Samsung Electronics has announced it has begun mass production of the mobile phone industry’s first 256-gigabyte embedded memory chip.
The new chip based on the Universal Flash Storage 2.0 standard, from Samsung will exceed that of most sold-state drives found on many personal computers, according to a press release from the South Korea-based company.
“By providing high-density UFS memory that is nearly twice as fast as a SATA SSD for PCs, we will contribute to a paradigm shift within the mobile data storage market,” Joo Sun Choi, Executive Vice President of Memory Sales and Marketing for Samsung Electronics, said in a news release. “We are determined to push the competitive edge in premium storage line-ups – OEM NVMe SSDs, external SSDs, and UFS – by moving aggressively to enhance performance and capacity in all three markets.”
The new chip is capable of supporting seamless Ultra HD (high definition) video playback and multitasking functionality on large-screen mobile devices, as well as increased data storage. According to Samsung’s news release, one 256 GB UFS chip can store approximately 47 HD movies. The chip – smaller than an external micro SD card — will also facilitate faster data transfers between mobile devices, allowing users to send a 5-gigabyte HD video clip (the size of an approximately 90-minute movie) in 12 seconds.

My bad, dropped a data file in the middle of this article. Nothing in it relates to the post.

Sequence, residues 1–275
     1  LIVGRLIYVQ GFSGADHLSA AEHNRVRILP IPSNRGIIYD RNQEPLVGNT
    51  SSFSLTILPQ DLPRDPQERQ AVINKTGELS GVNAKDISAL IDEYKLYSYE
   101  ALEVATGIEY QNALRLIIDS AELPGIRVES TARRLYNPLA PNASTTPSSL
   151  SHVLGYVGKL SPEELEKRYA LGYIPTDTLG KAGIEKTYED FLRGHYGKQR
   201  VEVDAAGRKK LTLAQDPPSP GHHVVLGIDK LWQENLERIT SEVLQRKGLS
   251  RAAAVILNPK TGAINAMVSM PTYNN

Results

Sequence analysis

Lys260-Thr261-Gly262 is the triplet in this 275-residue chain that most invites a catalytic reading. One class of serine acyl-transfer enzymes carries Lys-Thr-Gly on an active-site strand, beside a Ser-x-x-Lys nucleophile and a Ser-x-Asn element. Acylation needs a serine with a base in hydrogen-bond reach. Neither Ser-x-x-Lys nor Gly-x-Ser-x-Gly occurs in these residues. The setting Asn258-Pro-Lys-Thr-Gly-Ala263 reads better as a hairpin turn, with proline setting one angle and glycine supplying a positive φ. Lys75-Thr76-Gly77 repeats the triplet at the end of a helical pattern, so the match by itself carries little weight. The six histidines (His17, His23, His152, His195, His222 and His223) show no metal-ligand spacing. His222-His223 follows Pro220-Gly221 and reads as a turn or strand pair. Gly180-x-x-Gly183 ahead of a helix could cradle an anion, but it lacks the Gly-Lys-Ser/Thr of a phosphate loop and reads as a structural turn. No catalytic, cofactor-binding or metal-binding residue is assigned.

Samsung’s new chip increases multitasking functionality on large-screen mobile devices such as tablet computers, allowing for watching Ultra HD movies on a split screen or while searching image files or downloading other videos. The chips are also smaller than standard external Micro SD cards, giving smartphone and tablet manufacturers more design flexibility, according to Samsung’s news release.
The UFS chip handles up to 45,000 input/output operations per second for random reading and 40,000 IOPS for random writing, which more than doubles the capability of previous-generation UFS memory. For sequential reading, the chip moves data at up to 850 megabits per second, nearly twice as fast as a typical solid-state drive, and it supports sequential writing speeds up to 260 Mbps, almost triple that of a standard SSD. Samsung’s latest chip doubles the capacity of the 128-gigabyte UFS-based chip it introduced last February.